Youth Day of Caring draws 100 student volunteers

Students from six high schools spent Friday raking leaves, planting potatoes and otherwise helping non-profit organizations around the region for United Way of Greater New Bedford’s Youth Day of Caring.

In all, 100 students, helped out eight organizations, including the Community Boating Center, Buttonwood Park, Hazelwood Park, My Brother’s Keeper, West Beach and the YMCA Mattapoisett, in a day organized by United Way.

“I like helping,” said Angely Diaz, a freshman at Global Learning Charter Public School. “This is the world we live in. We have to take care of it.”

Angely and several of her classmates were cleaning the grounds at the Buttonwood Park Zoo, which she has visited since she was a child, and where she especially loves the elephants.

“They’re hard-working and want to learn,” Tom Rinquette Jr., maintenance forman, said of his volunteer crew. “It would’ve taken half the day to do this work without all their help.”

Students’ reasons for volunteering vary — to fulfill community service hours, enhance college applications and simply because they like to help. A gym teacher invited Savannah Sousa and Isander Algerin, juniors at the New Bedford Regional Vocational High School, to take part. They were among 14 of the school's athletes who volunteered at Sharing the Harvest Community Farm at the Dartmouth YMCA.

Savannah, the girls’ soccer team captain, Isander, who captains the football and boys lacrosse teams, and their fellow student-athletes worked with Trinity Day Academy and ROTC students. They planted 700 feet of potatoes, weeded, and prepared a radish bed and two pollinator beds in the children’s garden that young campers will tend all summer.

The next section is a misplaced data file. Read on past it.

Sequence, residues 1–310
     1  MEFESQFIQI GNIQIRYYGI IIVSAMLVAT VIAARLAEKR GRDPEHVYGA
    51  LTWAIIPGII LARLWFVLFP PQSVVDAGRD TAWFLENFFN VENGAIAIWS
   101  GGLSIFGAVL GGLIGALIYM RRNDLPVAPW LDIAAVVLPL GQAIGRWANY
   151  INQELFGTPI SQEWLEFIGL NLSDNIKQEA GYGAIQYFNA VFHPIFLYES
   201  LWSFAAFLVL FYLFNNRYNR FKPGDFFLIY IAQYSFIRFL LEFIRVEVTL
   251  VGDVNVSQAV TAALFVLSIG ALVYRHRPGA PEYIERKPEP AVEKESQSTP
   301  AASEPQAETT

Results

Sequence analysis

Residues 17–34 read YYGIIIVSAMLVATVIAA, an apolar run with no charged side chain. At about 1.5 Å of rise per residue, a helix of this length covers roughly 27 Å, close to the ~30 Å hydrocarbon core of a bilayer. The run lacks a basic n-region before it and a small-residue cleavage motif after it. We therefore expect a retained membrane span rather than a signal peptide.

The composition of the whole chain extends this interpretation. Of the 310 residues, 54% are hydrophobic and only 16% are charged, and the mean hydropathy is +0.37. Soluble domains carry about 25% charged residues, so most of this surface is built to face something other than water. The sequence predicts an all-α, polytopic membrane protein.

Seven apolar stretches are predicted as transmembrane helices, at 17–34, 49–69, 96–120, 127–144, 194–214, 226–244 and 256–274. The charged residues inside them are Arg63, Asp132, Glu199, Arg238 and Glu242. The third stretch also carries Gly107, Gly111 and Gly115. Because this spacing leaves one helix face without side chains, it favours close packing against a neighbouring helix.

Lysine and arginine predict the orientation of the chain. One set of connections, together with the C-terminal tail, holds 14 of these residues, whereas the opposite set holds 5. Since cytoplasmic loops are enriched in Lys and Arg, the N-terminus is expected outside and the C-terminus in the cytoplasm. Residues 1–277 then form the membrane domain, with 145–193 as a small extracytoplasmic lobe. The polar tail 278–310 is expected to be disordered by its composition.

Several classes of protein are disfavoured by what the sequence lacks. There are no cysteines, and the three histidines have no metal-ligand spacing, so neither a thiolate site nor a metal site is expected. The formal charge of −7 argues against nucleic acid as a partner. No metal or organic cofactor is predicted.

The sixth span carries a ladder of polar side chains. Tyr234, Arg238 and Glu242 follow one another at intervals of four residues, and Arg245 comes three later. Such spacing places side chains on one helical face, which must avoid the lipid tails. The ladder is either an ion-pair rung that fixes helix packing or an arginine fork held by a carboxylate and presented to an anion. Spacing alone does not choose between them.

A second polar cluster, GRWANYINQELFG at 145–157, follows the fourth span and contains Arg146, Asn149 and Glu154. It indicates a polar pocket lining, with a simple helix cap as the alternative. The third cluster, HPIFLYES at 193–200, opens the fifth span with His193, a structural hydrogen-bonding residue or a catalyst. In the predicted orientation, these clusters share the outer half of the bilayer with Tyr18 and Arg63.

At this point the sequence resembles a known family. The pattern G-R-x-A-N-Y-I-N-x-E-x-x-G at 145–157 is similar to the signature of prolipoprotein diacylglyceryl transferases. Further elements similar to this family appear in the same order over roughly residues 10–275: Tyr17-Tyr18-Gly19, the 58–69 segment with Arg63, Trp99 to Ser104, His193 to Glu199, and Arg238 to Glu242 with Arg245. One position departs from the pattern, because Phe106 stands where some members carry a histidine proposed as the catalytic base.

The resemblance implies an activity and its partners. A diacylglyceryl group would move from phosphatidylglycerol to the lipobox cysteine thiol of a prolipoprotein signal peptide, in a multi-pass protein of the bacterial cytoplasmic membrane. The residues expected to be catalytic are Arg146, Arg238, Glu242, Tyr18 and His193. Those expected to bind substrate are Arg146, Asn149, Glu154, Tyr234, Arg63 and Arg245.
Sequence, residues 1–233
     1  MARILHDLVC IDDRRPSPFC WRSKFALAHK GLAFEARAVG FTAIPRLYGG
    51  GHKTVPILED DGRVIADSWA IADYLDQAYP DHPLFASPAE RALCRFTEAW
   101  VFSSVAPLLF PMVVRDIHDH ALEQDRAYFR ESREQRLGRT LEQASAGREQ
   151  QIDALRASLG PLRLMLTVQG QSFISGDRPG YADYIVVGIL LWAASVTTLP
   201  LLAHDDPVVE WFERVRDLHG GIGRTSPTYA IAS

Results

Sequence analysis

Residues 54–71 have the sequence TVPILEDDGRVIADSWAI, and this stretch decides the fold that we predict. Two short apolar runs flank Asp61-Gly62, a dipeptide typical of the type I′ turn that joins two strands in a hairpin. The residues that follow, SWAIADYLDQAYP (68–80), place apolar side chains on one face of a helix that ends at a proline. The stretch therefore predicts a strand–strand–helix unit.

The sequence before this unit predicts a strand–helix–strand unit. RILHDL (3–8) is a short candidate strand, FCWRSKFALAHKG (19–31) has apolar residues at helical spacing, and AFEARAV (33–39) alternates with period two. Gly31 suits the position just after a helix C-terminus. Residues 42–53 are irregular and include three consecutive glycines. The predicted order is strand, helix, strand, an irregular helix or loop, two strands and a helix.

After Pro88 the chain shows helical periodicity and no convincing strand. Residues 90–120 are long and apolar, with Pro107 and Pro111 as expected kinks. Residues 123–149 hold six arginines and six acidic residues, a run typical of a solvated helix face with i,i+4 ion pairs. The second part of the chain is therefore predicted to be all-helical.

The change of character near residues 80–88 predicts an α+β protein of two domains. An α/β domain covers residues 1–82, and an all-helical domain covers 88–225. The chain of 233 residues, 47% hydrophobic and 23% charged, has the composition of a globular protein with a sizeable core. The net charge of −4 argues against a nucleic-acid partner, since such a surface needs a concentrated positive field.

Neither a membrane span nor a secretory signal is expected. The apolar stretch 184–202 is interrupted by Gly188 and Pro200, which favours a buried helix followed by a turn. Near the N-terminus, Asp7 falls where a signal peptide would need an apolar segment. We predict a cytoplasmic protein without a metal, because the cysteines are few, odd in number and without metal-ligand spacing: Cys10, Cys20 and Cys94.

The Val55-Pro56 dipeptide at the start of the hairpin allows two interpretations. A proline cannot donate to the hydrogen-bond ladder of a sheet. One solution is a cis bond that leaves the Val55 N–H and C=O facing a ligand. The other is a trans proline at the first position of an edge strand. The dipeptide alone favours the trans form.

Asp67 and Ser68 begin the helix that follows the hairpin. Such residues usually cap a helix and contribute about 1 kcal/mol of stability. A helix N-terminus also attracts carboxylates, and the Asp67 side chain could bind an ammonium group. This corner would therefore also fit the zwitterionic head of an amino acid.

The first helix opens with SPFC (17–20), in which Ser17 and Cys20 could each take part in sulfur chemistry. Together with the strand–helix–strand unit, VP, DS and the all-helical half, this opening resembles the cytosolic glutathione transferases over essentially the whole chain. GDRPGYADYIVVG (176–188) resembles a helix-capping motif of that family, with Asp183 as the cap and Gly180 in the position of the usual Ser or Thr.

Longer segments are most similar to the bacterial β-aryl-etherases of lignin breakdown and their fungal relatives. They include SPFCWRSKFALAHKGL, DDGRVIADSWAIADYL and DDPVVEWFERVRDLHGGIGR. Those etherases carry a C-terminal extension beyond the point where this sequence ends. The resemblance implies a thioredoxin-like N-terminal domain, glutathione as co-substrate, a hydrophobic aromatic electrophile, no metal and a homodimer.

“I’m studying culinary arts,” Savannah said. “It’s good to see where the food we use comes from.”

Isander agreed, saying, “It’s amazing. We’re learning a lot.”

Asanté Raymond, a Trinity Day junior, learned to garden from his grandmother and said he was happy to use his skills at Sharing the Harvest, which grows food for people in need.

“I like doing this kind of work,” he said, as he placed seed potatoes in the ground. “And I’m helping the people who will get this food.”

UWGNB organizes a Youth Day of Caring every spring for high school students across the region. First Citizens’ Federal Credit Union and Tremblay’s Bus Company were sponsors of Friday’s activities.

“This day gives young people the chance to see how important it is to give back to your community,” said Victoria Grasela, VP of Marketing & Community Engagement. “They can learn at an early age how satisfying it is to volunteer, and how even the smallest contributions can make big differences.”

Looking to volunteer? United Way hosts Volunteer SouthCoast, an online database that connects volunteers with local opportunities to give back. Visit